Meet our Plenary Speakers Vol I: Prof. Dr. Salvador Pané i Vidal

Prof. Dr. Salvador Pané i Vidal is one of our plenary speakers at IEEE-NANO2024. He is a Professor of Materials for Robotics at the Institute of Robotics and Intelligent Systems (IRIS) at ETH Zürich as well as Co-Director of the Multi-Scale Robotics Lab at the same university. He is a leading researcher in the field of micro/nano robots, having authored and co-authored more than 200 peer-reviewed publications and having been awarded several competitive grants, including the prestigious Starting and Consolidator grants from the European Research Council. In this interview, performed by IEEE-NANO2024 Publicity Committee member Dr. Luiz Felipe Aguinsky from the Integrated Systems Laboratory (IIS) of ETH Zürich, Prof. Pané presents his career path and provides powerful insights into how Young Professionals can leverage their sense of curiosity and exploration to benefit their careers.

Q: Welcome Professor Pané to this interview for the IEEE-NANO2024 conference. Could you start by telling us in your own words about your career path, how your interests have evolved?

I studied chemistry at the University of Barcelona, followed by a Master in electrochemistry, in which I was focusing on fabricating magnetic materials for different applications, especially in the area of magnetoresistance and hard magnets. Then the Catalan government provided the opportunity for researchers to visit a lab. I am a bit adventurous, so I decided to apply and I got it. So then I landed at ETH Zürich, where I discovered that I could use my knowledge in materials and fabrication for manufacturing what we call micro/nanorobots, which are tiny devices for minimally invasive medicine applications such as targeted drug delivery.

For several years I was a postdoc, then I became a senior researcher. What actually made a big change for me was receiving the ERC Starting Grant as well as the ERC Consolidator Grant, which allowed me to become a professor at this institute at ETH.

Q: Picking up some threads from your research career and starting from the beginning, what is the main lesson learned from your PhD, and what would you do differently if you could start over?

I would not change anything essential from my PhD. What I would actually recommend to a PhD student is that they should think out of the box. Sometimes you have some supervisors who tell you maybe you should do this and that. But if you have an idea and you are convinced, you should try it. You should never be the one saying “oh, that’s too complicated, that’s not going to work”. I actually dislike these words. So I usually try and see if it is feasible. And then I push it. So far, it worked for me 90% of the time.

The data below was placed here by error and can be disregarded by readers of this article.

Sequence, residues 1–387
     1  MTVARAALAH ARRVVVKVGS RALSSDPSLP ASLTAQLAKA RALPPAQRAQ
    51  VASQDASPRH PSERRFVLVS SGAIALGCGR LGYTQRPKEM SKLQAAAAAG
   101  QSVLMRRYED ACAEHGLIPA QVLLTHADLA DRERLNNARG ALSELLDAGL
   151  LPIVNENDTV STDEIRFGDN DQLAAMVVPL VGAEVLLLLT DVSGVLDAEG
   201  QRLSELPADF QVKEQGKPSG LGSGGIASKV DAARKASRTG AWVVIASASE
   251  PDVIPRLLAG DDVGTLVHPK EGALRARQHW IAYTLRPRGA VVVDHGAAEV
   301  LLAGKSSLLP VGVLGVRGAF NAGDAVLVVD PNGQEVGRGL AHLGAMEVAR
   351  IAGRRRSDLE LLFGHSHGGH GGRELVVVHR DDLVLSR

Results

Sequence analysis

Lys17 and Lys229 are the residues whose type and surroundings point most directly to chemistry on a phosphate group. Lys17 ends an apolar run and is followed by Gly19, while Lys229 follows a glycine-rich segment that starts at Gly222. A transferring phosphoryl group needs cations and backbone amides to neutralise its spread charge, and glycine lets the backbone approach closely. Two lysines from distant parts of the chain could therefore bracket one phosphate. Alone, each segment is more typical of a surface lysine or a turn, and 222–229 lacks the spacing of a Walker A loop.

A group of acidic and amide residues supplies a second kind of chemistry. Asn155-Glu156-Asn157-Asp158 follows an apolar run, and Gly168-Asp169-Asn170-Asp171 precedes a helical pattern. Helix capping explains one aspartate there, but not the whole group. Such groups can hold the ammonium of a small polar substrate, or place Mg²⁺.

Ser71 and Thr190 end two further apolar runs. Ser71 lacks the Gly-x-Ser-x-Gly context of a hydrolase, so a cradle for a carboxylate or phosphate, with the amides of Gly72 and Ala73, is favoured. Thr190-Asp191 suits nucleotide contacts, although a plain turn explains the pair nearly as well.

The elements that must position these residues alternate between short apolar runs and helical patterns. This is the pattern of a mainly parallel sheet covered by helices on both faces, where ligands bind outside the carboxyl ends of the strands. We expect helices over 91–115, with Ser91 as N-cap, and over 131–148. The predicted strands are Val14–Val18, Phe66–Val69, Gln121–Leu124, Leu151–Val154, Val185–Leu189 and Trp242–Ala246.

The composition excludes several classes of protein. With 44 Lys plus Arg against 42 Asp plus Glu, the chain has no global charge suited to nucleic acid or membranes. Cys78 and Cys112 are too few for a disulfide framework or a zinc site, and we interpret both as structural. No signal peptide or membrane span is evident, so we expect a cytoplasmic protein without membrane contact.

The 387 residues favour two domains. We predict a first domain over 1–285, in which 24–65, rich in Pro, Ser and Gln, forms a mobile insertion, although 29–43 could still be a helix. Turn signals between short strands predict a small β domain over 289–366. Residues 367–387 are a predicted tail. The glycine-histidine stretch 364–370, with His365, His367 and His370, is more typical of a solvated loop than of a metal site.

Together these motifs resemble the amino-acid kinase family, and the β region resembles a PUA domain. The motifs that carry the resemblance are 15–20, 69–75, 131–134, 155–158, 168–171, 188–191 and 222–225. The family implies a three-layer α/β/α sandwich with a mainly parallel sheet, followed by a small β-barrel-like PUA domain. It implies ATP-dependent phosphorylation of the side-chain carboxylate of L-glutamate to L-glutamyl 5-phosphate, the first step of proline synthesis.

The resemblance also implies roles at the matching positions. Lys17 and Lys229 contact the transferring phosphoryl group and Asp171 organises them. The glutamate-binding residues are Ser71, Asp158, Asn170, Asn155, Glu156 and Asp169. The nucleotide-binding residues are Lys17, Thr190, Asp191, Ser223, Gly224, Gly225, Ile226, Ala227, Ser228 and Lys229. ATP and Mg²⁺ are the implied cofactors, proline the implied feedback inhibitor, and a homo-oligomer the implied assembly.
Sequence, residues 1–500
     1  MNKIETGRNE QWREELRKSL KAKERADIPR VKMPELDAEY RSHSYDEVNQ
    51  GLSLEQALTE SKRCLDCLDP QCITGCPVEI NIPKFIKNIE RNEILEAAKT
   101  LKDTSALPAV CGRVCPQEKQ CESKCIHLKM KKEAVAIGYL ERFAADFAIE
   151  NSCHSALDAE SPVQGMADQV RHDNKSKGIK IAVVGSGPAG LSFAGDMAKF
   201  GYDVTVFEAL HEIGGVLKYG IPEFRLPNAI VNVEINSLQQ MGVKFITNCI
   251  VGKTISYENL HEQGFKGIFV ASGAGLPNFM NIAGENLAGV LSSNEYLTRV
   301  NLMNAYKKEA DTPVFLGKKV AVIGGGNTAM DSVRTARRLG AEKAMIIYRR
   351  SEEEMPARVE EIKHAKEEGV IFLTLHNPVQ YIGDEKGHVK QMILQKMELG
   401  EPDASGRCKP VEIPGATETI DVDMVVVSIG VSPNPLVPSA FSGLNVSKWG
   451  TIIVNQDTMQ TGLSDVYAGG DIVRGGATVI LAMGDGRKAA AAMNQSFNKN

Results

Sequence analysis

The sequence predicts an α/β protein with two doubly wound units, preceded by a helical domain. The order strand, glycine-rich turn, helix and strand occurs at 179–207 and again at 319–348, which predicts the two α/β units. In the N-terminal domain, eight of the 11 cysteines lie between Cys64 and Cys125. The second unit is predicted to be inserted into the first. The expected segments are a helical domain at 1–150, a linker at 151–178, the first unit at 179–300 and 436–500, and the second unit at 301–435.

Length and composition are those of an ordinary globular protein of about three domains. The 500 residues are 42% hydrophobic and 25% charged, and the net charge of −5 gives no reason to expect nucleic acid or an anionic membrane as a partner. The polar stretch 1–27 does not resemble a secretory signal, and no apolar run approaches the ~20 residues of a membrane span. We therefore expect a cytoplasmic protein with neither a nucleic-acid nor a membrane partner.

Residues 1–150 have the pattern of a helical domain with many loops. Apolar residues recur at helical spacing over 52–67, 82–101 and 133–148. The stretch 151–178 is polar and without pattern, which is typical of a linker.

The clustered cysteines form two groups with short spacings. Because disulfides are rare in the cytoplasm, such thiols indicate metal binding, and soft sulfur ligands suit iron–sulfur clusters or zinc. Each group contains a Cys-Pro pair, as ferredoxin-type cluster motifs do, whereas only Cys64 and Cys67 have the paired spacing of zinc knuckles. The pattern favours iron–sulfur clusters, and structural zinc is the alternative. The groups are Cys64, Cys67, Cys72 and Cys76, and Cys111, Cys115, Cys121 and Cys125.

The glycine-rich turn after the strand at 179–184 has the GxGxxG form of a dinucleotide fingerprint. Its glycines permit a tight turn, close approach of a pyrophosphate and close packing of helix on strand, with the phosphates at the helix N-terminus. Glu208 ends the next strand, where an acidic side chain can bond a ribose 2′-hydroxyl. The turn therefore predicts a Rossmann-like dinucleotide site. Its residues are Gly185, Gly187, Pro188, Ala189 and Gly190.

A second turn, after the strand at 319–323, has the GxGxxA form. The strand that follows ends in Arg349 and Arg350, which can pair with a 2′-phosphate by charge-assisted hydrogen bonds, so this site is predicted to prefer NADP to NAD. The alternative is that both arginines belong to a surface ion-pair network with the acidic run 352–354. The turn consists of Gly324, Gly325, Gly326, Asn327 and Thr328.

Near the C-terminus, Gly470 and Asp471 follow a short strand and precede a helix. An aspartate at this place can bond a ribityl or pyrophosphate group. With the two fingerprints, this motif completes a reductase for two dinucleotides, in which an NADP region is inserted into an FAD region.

Q: So it really seems that there is this sense of curiosity and exploration that you try to encourage in your students. Can you provide an example from your own work of how you manage to explore different research paths?

For instance, I was convinced that using magnetoelectric materials, which are materials that become electrically polarized when you apply magnetic fields, could be used to stimulate cells or even make them differentiate. I wrote this ERC Starting Grant application based on this and, to be honest, I did not have preliminary results. But I had some indications that this would work, and indeed it works. Now, there are many people working on this topic.

Q: One interesting question that we are recently facing is this opportunity, or challenge, of large language models or other AI models. In a sense, they can be a partner to generate new ideas, but can also pose some challenges. Do you think there are helpful tools or just a fad that will pass by?

I think they are helpful tools. Any tool has its pros and cons, like perhaps when the calculator was invented, people thought that we would lose our ability to sum or to multiply. But that was not the case. I think these tools can help you in being more effective and faster. You can use AI to screen conditions of materials based on preliminary results so that you do not have to do an Eddisonian work on experiments, that is to do many, many experiments. For instance, AI can help in this. So I am not against it, but of course I always say the same with every tool. You should use it responsibly. You can use a laser to cut material and you can use a laser to harm a person. So, of course, everything has its negative side and positive side. It depends on us researchers and engineers to be responsible when using these tools.

Q: To finalize, what are your expectations regarding IEEE-NANO2024? Could you give a teaser about what you will be presenting in your plenary talk?

I am very excited because nanotechnology is in fact what I am working on. There are a lot of advances related to micromanufacturing, which is my passion, and this conference has a wealth of talks on this topic. I am going to talk about how to deliver electric fields wirelessly with micro/nano robots for cell stimulation and differentiation.

Thank you very much for your time Professor Pané. See you again this summer in Gijón!